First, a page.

Northtown Garden Society
Planting Trees wth Pilsen Neighbors
Pilsen Artists and Design Team
Dio de Los Muertos Celebration
Dr. Joy O'Keefe, Assistant Professor and Wildlife Extension Specialist, at University of Illinois spoke to us via Zoom from Urbana, Illinois.
Dr. Joy O'Keefes' research primarily focuses on ways to facilitate the coexistence of bats and humans in human-altered landscapes. She works to understand the roosting and foraging ecology of bats, identify best practices for studying bat ecology, characterize bat behaviors, and assess the quality of mitigation practices designed to help bats. Dr. O'Keefe collaborates with many organizations and people who interact with bats, including private landowners, USDA Forest Service, National Park Service, and state agencies.
For more informatiom, visit these websites:
Our guest presenter, Margot Wang of the Ohara School of Ikebana, who spoke to us via Zoom in February, returned for an in-person demonstration of Ikebana floral arranging using spring flowers.
This was a program to showcase how ikebana relates to the season and the landscape. The Ohara School of Ikebana is known for its focus on naturalistic styles and the use of seasonal materials. The school was founded by Unshin Ohara (1861-1916). Ohara School believes that it is important to observe nature.
The Moribana style features a triangular one-sided floral structure in which the triangle is composed of a subject (heaven), an object (man) and a secondary (earth). The tall piece is the subject and should be twice the diameter of the base while the object measures one-third of the subject and leans 45 degrees toward the viewer. The secondary surrounds the subject and object. Space between elements is considered to be part of the arrangement.
See if you can identify the three elements in the finished pieces shown below.
Gardens to Heal via Zoom
Our monthly programs are usually held on the 1st Thursday of the month at 7:00 PM in the Warren Park Field House, 6601 N. Western Ave. Chicago.
We usually feature a social get-together with refreshments followed by a guest speaker.
Our speaker was Margot Wang, Ikebanist. Ms Wang wears many hats including:
A healing garden is designed to provide "positive distraction and sensory engineering that stimulates a full range of senses including hearing, touch, taste, smell and memory through exposure to natural elements.” ~ KirisuI nternational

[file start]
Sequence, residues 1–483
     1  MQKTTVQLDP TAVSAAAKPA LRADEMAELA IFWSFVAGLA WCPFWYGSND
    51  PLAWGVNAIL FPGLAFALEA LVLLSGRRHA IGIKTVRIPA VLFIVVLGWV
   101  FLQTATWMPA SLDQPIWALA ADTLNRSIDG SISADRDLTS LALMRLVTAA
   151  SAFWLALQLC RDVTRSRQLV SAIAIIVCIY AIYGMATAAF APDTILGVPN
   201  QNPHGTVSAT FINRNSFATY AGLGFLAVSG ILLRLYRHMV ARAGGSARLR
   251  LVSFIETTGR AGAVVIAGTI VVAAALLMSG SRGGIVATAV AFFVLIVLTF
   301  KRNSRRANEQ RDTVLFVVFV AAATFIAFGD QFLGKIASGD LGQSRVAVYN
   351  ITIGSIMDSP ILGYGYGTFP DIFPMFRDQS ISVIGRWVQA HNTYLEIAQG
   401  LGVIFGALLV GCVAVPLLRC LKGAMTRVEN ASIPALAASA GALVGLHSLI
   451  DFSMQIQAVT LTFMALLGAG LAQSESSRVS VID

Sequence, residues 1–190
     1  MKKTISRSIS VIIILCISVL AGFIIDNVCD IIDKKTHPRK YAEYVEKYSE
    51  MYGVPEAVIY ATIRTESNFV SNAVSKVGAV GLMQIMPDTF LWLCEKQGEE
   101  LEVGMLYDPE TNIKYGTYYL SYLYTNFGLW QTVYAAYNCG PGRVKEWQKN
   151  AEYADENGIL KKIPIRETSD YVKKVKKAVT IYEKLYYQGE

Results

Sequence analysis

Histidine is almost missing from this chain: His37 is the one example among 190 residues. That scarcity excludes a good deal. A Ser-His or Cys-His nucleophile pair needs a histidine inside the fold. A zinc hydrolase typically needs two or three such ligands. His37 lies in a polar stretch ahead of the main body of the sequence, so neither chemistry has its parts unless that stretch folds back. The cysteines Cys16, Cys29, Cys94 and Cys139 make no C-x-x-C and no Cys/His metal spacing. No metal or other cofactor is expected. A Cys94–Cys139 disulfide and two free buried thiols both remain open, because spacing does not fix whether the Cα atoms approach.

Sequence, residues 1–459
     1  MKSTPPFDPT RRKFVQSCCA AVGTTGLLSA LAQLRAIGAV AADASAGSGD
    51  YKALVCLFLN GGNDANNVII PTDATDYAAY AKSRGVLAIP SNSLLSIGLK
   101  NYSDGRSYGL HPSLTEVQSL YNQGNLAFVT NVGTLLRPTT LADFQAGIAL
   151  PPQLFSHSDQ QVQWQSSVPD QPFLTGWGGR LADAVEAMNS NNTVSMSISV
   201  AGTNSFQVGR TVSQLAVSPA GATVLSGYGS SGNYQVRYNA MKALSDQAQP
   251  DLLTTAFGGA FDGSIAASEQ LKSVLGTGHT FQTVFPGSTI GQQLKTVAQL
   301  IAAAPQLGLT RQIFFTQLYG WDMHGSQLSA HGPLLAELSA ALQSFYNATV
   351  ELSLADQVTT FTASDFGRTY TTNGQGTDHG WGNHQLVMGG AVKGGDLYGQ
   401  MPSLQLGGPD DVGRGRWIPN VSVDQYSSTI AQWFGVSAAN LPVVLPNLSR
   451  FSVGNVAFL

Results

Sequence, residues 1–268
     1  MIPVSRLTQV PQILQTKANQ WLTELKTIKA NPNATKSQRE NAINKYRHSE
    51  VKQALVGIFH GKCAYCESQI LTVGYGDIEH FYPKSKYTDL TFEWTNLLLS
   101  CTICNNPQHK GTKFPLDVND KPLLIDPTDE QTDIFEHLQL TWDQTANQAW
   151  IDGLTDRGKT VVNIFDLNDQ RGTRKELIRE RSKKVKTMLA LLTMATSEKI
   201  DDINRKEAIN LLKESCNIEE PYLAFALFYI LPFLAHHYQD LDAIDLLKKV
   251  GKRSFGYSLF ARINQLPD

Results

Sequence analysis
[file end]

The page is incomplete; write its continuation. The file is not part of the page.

The elements of a Japanese healing garden are:
She introduced us to Hoichi Kurisu, noted designer of Japanese Gardens and his vision that gardens should provide restorative spaces for collective and individual well being. Some examples include:
She also discussed the design and creation of the Caldwell garden at the north end of the Lincoln Park Zoo.
The garden at the Oregon State Penitentiary (OSP) is the first penitentiary garden in the country and uses prisoners for building and garden maintenance. The results are amazing.
To view a You Tube viseo about the the OSP garden,click below,
Our guest speaker, Jacob Campbell, PhD, is an Environmental Anthropologist with the Keller Science Action Center at the Chicago Field Museum. The mission of the Keller Science Action Center is to put science into action for the Earth's future, to protect and restore the places that are critical to life on earth.
Jacob leads the social science team for the Chicago region. He established and sustains the Roots & Routes initiative with the Chicago Park District and a network of community leaders, artists, and organizations.
From their website Mission Statement:
“Roots and Routes” is a collaborative project aimed at creating and sustaining the longest stretch of lakefront natural area within the Chicago Park District system, the Burnham Wildlife Corridor (BWC), in order to maximize benefits for neighboring communities and nature.
Dr. Campbell had the NGS participants mesmerized by the description and photos of the work he is doing with community members and artists in developing 5 Gathering Spaces along the Burnham Wildlife Corridor south of McCormick Place. The neighborhood communities particpating in this project are Pilsen (Hispanic), Bronzeville (African American) and the Chinese-American Museum. The Gathering Spaces are unique to the designing culture and are connected by paths along the lakefront.
For more information on this project, visit these websites:
Row 1. The first arrangement using cherry blossoms and ranunculus
Row 2. The second arrangement using cherry blossoms, ranunculus, grasses, fiddleleaf ferns, hyacinth and tulips
Row 3. A horizontal arrangement using cherry blossoms, ferns, grasses and boxwood.
Nancy Wieting and Margo Wang
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